Classic corner: Straight lines and sharp angles adorn this gleaming ‘DX’
Modern tractor manufacturers will tell you that they spend an awful lot of time and money on styling their products.
Indeed, it is a point that even Zetor never fails to mention. Valtra scored some brownie points in the latest ‘Tractor of the Year’ awards for the appearance of its T254. Why then, you might ask, do some competing tractors look so similar nowadays?
It was not always thus; wind the clock back to the 1980s. Then – it could be argued – tractors were far more distinctive. One of the most immediately recognisable brands was Deutz-Fahr; it launched its shapely DX range of tractors in 1978.
The straight lines and contrasting angles accentuated their ‘purposefulness’, rather than attempting to hide the tractor’s bulk (as is the modern trend).
In addition to their characteristic styling, DX models had five or six-cylinder, air-cooled engines and fully synchronised gearboxes (offering 15 forward and five reverse gears). They were designed to be 4WD tractors from the outset.
Power output for the smallest – the DX85 – was 80hp. At the other end of the scale, the six-pot DX160 had 150hp on tap. The range also boasted a brand new cab, which was said to be light and airy but not especially quiet.
In 1982 Deutz-Fahr dropped that motor and replaced it with a four-cylinder, turbo-charged 90hp unit. With this engine installed, along with a new front axle and a 18F 6R transmission, the DX90 morphed into the DX92.
This tractor, it can be argued, then stayed in the range until 1989. However, early on in its life it was re-designated as the DX 4.70 – during a revamp of the company’s product dossier (when a new system of nomenclature was introduced in 1983).
Small improvements to the cab interior were evident but, otherwise, it remained largely the same.
Co. Galway example
An early example of the DX 4.70 recently came up for sale in Co. Galway. It is being offered by Finnerty Machinery Sales of Gurteen, Ballinasloe. The tractor harks back to 1985; it has less than 3,500 hours showing on the clock and is a local trade-in.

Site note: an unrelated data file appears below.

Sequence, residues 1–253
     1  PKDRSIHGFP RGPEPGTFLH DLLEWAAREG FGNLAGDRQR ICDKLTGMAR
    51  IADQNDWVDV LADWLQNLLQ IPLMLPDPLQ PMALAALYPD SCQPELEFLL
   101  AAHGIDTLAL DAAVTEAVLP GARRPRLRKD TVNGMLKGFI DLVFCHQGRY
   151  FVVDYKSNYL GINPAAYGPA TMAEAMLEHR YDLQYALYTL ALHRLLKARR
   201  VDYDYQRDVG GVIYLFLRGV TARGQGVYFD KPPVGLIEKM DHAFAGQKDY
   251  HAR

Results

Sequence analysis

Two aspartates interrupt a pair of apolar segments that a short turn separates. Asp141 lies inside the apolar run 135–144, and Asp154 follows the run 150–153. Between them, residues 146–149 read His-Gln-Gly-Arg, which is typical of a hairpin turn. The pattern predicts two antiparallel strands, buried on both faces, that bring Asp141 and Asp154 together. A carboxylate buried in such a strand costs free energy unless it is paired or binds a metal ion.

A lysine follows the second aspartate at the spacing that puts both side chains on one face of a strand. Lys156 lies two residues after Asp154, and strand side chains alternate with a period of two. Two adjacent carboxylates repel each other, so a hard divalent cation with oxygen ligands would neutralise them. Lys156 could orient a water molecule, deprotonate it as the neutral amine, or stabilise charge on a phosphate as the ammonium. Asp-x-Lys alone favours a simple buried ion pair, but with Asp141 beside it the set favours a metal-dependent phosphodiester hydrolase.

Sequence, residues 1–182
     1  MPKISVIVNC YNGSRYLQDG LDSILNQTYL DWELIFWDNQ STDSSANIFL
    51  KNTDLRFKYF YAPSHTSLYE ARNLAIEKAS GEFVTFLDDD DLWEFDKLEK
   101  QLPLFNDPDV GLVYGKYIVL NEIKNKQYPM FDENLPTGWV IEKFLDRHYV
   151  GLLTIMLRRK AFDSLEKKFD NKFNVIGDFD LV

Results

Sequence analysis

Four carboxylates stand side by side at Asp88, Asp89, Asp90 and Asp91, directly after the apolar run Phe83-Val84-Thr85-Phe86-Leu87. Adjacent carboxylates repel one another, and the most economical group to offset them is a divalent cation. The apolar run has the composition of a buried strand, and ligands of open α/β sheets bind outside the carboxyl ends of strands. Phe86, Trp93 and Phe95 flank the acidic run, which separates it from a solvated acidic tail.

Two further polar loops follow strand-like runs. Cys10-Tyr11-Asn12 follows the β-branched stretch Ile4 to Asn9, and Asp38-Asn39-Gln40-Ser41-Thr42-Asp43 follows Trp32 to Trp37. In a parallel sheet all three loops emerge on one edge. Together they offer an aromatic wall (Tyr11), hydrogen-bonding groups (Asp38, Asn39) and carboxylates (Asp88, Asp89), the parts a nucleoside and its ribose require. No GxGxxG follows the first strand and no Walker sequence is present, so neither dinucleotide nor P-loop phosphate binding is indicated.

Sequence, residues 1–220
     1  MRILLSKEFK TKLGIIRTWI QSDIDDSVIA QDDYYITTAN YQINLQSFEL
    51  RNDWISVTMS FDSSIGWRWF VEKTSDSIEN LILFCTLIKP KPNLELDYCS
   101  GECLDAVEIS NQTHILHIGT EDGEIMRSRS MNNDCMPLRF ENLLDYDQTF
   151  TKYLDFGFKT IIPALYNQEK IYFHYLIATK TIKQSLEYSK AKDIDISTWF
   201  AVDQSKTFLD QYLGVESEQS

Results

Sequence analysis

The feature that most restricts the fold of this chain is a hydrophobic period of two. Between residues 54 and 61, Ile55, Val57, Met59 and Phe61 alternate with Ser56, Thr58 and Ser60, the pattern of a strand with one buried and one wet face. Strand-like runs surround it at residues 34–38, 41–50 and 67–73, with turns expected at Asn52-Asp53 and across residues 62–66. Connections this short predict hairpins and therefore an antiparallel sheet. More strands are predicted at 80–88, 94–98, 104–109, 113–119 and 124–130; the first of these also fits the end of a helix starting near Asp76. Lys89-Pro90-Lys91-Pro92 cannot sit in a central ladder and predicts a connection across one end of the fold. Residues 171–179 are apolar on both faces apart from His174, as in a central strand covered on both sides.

There is no mistaking these tractors; this one has been nicely refurbished to the level where it not only looks clean and bright but can also be put straight to work. Indeed, that was the object of the exercise. It is a revitalised workhorse, rather than a ‘Concours’ finalist.
Sitting in the cab, everything is satisfyingly solid – especially the massive hand throttle lever that stands to attention on the side of the dash. There is no subtle dial or switch to fiddle with; this lever is a gruff but reassuring invitation to ‘open up’ the engine that lurks beneath the bonnet.
The other striking feature is how bright this tractor is inside. There are no massive door pillars or slabs of metal obstructing the light. Even on the storm-ridden day of AgriLand’s visit there was no sense of darkness or gloom when sat behind the wheel.
It was also reassuringly dry in there, despite the best efforts of the weather to creep in through any available hole or gap.
Though equipped with a Quicke front loader, the 47L/min hydraulic pump may take the edge off any great expectations of rapid cycle times. However, the arms and hoses appear to be in remarkably good shape; so too are the tyres and side panels.
Deutz was involved right from the beginning of the evolution of the diesel engine; Deutz-Fahr’s DX range from the 1980s probably represents the last of its purely-mechanical tractors.
It is rare to see such a well-preserved example – from that era of the German manufacturer’s legacy – come onto the market here in Ireland.